Publishing job roles span the media industry in books, newspapers and magazines, business media and journals. New multi-media formats ensure the industry and job roles are ever-changing.

Publishing is a competitive industry with few advertised entry level positions.  Employees gain work through recent work experience placements, graduate training schemes and word of mouth recommendations and networking.

Useful Information

Routes in

Graduate training schemes

  • Harper Collins - Harper Collins is one of the world's foremost English-language publishers. Their next bi-annual graduate training scheme will begin in 2012; details will be updated on their website. In the mean time attend their open day to apply for graduate level vacancies.


  • Profile Books - this business book publisher offers eight week internships for graduates within the publicity, sales, marketing and editorial teams.

Networking and research

Networking is crucial to career development in this industry and you should get to know the market place. Learn and research how books, newspapers and magazines are publicised, find out about company trading figures in The Bookseller and see what’s on the bestseller lists, and join The Society of Young Publishers (SYP) or Women in Publishing as a student member.

Work experience

Work experience can be the key to finding paid work in this industry and can be a great way to make useful contacts, as many employers prefer candidates to have at least some practical experience of working within the industry. Start writing for The Beaver or The Penguin to build up a portfolio of published articles.

Alternatively, start your own blog to demonstrate your interests, writing skills and commitment to the sector, ensuring you have a strong online presence. Work experience opportunities are rarely advertised, so contact companies directly to find out if they are available. Speculative applications can be successful.

Research organisations you would like to work for, and email the head of the department, asking if work experience is on offer. Publisher’s addresses are listed in The Writer’s and Artist’s Yearbook which can be found in LSE Careers resource library. When applying speculatively, carefully consider what area of publishing would interest you and make sure this really comes across to employers.

The following publishing companies have work experience opportunities:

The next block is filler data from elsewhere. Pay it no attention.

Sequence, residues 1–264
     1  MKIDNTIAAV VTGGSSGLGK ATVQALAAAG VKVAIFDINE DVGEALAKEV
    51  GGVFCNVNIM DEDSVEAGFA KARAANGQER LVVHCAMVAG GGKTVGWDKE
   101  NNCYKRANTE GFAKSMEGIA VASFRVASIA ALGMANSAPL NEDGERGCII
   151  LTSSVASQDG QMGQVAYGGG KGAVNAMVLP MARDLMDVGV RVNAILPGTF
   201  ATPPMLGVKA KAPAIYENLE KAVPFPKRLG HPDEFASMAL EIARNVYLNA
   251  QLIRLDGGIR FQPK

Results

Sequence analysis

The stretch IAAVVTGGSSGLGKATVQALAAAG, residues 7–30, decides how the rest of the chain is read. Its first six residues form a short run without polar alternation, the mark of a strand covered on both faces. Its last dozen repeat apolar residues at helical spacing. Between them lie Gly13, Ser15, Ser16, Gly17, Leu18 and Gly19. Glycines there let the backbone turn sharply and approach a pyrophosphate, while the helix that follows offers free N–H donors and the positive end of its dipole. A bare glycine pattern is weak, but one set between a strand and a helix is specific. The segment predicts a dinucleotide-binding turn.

• Bloomsbury - offers a popular two to three week loosly structured work experience programme. Apply now, but expect to wait six months for a placement.
  • Harper Collins - work experience is offered when the compan's needs demand it. Applicants will be contacted if their work experience preferences can be met.
  • Hachette UK - the companies within Hachette offer unpaid work experience from time to time.
  • Legend Press - offering two weeks work experience covering a wide range of areas including editing, sales, media and marketing.
  • Penguin - offers two week work experience placements.
  • Random House - unpaid work experience students accepted normally for two weeks within editorial, publicity and marketing.
  • Taylor and Francis - offer placements throughout the year, see their website for contact details.

Job roles

The publishing industry has a hierarchy of job roles, but it takes determination and hard work to progress. The average earnings for an editor can range from £20,000 for an assistant editor to £30,000 for a senior editor. Publishing companies are generally divided by function, with each department responsible for a process. Areas of work can be technical, creative or administrative.

Within book publishing, the role of editor is often seen as the top job. In magazines and newspapers, there is usually an executive publisher who is senior to the editorial director. Editors have the job of commissioning authors and writers, copy-editing, proofreading and they are often responsible for overall content of the finished product.

There are also roles in marketing and publicity including PR, events and promotions. The production and design team ensure the product is produced on time and within budget and are responsible for the visual look of the book, magazine or journal. The top advertising roles in magazines and journals are also well paid with additional jobs in circulation and subscriptions.

The links below take you to job role descriptions on Target Jobs and Prospects websites. Target Jobs is the UK's largest source of graduate jobs, employers and internships and Prospects is the UK's official graduate careers site.

The following list contains examples of roles within publishing:

Commissioning editor

Discovers and identifies writers and products to publish to build the company portfolio, also ensures writers work to and meet deadlines. For further information see Commissioning editor.

Editorial assistant

Learns the industry by working closely with senior colleagues, helping in the commissioning and publishing of books, magazines and journals. For further information read Prospects; Editorial assistant. Video on You Tube outlining the job role of an Editorial assistant at Bloomsbury.

Publishing copy-editor / Proof-reader

Ensures content is easy to read, makes sense, is technically accurate and grammatically correct. Information available on Prospects, Publishing copy-editor/proof-reader.

Press sub-editor

Working for newspapers sub-editors ensure the accuracy of content and ensure the layout is in keeping with the company brand. Press sub-editor information can be found on Prospects.

Publishing rights manager

Ensures publications make a profit and oversees and manages publishing rights. More information on Publishing rights manager can be found on Prospects.